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The Orange Coneflowers pictured here are one of 23 species in the genus, Rudbeckia, all of which are commonly called coneflowers (for their conical shape) or black-eyed susans. They are beloved by gardeners for their festive color and pattern, and hardy nature.

Hardy they may be, but these were suffering pretty badly from the recent lack of rain, until the tropical downpour a few days ago. They’re much better now, but still showing signs of their ordeal. In an earlier post, I gave these flowers a well-deserved rave review; I urge you to read it.

Of the three photos above, the first steals my heart for its naturalness and delicacy, the flowers playing hide-and-seek, escaping the bonds imposed by human hands. The second and third photos are interesting for what they can teach us about photo composition. They are almost identical, except for the focus point noted below each photo. When lenses are used close up, the depth of field, that is, the range of sharpness, is compressed. This gives photographers a valuable device, “selective focus,” by which to draw out certain elements in a picture, or to heighten the perception of depth.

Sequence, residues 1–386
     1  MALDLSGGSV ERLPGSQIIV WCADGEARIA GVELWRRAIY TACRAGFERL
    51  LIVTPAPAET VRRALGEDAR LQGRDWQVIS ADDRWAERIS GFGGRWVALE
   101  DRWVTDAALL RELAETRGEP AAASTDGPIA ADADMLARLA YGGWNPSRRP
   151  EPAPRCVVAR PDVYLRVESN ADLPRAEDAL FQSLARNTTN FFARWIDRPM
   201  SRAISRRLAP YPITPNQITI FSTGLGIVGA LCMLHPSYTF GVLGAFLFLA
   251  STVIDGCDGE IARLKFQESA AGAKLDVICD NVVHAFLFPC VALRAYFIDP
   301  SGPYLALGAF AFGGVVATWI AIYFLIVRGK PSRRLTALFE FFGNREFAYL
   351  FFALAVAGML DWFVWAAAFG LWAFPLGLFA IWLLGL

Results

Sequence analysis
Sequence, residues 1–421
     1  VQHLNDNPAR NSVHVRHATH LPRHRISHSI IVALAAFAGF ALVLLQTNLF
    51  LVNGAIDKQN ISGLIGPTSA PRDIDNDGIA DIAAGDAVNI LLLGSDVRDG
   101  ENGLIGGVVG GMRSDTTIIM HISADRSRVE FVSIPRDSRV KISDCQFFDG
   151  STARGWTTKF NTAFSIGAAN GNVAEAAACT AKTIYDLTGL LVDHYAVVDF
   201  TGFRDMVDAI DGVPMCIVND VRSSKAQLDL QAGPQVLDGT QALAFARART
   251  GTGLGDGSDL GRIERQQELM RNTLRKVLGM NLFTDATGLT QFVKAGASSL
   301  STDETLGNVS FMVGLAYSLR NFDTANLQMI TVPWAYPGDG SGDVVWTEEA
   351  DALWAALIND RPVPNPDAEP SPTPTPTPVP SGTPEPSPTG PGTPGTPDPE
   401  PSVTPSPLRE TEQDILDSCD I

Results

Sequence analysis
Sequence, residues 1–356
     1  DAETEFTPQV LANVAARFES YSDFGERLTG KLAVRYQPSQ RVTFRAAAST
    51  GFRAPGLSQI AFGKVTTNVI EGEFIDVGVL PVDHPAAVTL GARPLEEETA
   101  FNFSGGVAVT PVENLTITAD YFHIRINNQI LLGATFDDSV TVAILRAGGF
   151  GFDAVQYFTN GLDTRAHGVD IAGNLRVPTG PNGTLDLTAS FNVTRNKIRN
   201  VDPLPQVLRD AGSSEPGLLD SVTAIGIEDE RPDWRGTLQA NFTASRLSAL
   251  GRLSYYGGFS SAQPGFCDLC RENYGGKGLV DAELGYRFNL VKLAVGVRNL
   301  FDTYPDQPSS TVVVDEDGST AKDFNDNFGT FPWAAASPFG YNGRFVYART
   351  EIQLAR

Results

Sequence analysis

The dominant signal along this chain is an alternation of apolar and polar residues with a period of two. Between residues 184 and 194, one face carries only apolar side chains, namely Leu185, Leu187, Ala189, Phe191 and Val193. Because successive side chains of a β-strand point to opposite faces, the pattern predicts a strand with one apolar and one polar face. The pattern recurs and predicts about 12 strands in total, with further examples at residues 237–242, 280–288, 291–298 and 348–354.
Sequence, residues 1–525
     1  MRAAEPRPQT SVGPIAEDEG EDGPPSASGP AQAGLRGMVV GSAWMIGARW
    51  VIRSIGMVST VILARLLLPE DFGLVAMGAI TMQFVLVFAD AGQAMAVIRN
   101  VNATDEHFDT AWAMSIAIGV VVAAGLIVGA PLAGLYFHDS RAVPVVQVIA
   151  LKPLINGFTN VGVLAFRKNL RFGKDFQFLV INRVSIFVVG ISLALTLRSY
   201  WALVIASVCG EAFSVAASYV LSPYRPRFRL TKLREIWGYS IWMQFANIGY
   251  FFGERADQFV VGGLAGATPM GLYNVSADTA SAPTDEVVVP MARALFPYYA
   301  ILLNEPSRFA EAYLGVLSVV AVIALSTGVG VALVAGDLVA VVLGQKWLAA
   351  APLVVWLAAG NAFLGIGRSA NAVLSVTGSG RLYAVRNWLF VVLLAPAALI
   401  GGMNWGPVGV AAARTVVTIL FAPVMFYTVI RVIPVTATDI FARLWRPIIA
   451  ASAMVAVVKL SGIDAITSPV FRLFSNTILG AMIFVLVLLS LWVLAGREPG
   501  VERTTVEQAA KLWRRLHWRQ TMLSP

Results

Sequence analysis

Selective focus can also change the dynamics of a photo. For example, the second photo is relatively static, while the third is visually more active. That doesn’t mean one is necessarily better than the other, just different. Of course, the viewer is entitled to a preference. What is yours?

Related post: Coneflowers.*

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